On top of the low blood counts, the patient must deal with the side effects of the chemotherapy they received. These include, diarrhea, nausea and/or vomiting, hair loss, fever, chills, decreased appetite, and mouth sores (called mucositis). Every patient is different and it is difficult to predict which patients will have more side effects. The chemotherapy drugs used before the transplant can vary, and some medications are more likely to cause certain side effects than others.
Be supportive, let the patient get a lot of rest, and understand that he or she just may not feel like eating much during this time. Make one family member the contact person for friends and family. Let the patient tell this contact person how he or she is feeling each day and whether or not he or she wants visitors or phone calls. It is important to respect the patient's wishes. Send a supportive note or a card. If the patient has children, knowing that friends or family are taking care of things like carpooling and school homework can be very comforting. Depending on the protocol for the transplant, the patient may be in the hospital, at an apartment near the cancer center, or at home.
Engraftment is a term the doctors use to describe the point when the stem cells start doing their job and blood cell counts start to come up. The first number we look for is the neutrophil count, which is the type of white blood cell that is most important in fighting infection. Generally, once the neutrophil count gets above 500, the patient can come off antibiotics and, in many cases, can go home. The time until engraftment varies from patient to patient, but is typically between 7-12 days. The red blood cell and platelet counts can take several weeks to get back to a normal range, but the patient can usually go home once they are not regularly requiring blood or platelet transfusions.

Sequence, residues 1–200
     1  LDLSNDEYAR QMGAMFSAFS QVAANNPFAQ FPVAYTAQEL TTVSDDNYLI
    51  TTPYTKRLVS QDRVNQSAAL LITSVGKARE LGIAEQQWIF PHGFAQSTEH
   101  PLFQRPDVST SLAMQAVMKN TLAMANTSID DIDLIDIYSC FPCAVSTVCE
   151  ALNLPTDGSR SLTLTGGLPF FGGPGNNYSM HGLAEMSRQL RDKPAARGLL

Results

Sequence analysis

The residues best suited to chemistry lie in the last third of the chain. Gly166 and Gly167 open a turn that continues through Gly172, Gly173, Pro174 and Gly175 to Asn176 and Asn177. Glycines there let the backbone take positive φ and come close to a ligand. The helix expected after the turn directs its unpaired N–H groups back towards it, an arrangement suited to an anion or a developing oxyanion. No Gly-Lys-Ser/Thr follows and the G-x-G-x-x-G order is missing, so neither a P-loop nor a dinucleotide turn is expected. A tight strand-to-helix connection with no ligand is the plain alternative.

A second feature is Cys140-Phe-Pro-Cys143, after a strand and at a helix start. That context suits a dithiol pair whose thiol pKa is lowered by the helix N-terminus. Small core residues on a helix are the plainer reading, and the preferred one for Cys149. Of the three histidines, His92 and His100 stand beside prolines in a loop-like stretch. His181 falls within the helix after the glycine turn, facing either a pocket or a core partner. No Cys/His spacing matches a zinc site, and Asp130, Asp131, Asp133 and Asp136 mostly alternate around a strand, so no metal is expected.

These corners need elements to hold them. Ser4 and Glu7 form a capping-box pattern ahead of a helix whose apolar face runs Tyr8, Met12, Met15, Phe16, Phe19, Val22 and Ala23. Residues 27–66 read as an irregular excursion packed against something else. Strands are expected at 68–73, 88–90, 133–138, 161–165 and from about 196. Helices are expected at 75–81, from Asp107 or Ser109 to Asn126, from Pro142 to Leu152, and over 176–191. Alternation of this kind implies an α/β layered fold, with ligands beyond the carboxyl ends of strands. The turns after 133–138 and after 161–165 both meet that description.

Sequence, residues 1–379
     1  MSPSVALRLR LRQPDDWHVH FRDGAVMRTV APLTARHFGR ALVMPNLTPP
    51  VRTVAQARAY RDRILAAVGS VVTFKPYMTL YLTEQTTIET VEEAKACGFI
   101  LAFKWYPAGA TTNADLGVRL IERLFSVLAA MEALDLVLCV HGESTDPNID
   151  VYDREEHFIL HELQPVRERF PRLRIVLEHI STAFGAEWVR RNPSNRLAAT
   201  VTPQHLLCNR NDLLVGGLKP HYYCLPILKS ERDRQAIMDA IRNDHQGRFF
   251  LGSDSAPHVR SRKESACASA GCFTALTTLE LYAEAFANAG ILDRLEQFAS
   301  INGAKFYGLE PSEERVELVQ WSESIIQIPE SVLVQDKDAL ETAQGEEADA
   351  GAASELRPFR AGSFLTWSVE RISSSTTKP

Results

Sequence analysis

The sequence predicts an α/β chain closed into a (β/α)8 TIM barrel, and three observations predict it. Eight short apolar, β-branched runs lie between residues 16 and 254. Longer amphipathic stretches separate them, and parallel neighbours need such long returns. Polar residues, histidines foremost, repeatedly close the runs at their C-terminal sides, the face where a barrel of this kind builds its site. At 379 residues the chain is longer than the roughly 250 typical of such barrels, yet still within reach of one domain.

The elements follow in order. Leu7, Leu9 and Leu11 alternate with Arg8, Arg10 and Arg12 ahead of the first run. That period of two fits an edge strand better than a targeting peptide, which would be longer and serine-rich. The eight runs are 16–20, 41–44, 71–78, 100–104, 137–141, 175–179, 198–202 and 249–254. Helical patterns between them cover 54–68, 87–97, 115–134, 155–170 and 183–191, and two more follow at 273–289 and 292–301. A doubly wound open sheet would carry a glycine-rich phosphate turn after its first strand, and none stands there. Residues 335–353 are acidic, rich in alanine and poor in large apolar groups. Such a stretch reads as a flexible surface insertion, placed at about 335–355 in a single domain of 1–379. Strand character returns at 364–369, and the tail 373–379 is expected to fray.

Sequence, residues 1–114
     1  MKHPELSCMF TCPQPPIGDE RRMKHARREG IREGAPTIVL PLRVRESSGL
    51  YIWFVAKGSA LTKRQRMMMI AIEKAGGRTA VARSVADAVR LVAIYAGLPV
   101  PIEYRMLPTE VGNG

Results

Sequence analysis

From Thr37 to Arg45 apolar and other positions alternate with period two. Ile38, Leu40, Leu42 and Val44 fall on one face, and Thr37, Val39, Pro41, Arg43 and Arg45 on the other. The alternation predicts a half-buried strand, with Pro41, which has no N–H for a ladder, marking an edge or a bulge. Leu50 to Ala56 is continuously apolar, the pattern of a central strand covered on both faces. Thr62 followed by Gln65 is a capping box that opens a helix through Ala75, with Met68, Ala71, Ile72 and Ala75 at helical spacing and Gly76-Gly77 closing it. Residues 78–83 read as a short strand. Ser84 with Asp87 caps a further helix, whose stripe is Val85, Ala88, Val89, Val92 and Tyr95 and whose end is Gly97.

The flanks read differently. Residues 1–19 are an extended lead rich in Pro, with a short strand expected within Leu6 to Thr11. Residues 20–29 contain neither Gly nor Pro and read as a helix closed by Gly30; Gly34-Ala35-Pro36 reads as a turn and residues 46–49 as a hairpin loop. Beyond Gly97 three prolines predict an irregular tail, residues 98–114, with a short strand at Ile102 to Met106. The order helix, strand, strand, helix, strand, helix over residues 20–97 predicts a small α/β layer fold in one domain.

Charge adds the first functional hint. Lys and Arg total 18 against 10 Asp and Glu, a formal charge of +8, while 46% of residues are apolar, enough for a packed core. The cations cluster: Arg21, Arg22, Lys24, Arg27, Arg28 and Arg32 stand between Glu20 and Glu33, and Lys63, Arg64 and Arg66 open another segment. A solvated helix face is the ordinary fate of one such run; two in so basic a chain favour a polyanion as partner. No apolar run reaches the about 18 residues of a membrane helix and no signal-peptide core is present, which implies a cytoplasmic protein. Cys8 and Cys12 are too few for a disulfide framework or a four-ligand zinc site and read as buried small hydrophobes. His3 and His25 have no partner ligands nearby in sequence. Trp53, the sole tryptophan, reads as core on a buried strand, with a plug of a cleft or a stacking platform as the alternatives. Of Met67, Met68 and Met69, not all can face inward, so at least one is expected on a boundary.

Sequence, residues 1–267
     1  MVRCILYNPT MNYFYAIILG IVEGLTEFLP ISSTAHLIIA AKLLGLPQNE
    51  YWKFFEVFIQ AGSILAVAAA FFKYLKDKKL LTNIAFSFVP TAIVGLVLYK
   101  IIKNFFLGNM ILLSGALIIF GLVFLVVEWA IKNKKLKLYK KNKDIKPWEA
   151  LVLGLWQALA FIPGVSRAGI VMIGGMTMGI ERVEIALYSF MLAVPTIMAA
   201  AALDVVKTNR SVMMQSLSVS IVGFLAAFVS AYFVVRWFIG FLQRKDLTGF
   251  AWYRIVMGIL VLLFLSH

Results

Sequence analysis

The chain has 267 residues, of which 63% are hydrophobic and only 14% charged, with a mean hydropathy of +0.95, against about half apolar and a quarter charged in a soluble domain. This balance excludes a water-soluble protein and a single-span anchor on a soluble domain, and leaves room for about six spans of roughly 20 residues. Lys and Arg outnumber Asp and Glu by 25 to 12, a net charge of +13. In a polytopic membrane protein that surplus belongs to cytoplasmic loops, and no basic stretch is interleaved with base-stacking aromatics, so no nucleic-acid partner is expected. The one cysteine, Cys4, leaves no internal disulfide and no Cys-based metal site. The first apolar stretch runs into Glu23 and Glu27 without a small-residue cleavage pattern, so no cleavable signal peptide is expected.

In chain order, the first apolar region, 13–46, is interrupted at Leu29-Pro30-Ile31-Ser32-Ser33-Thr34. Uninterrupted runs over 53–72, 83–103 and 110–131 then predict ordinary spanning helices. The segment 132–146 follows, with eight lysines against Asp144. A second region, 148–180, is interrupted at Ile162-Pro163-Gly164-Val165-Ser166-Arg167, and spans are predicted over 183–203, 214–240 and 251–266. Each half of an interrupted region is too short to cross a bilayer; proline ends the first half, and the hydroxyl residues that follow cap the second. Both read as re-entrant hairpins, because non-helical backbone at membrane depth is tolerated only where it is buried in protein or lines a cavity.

This can vary greatly from person to person, depending on what has happened over the past few weeks. It can take people weeks, months, or even a year to feel like their "old self" again. Some patients report having no appetite, or food tasting like metal, for months after the transplant. This can be a difficult time, as family and friends may assume that the person is "better" since they are home and the transplant is over. They may expect the person to be back at work, to return to school, or to run a household. The patient should resume normal activities slowly and add on jobs or duties every couple of days.
Blood Forming Stem Cell Transplants from the NCI
What is a Stem Cell Transplant from ASCO
Abeloff M, Niederhuber JE, Armitage JO, Doroshow, JH, Kastan MB, Tepper, JE. Abeloff’s Clinical Oncology. 5th edition. Philadelphia: Churchill Livingstone; 2014.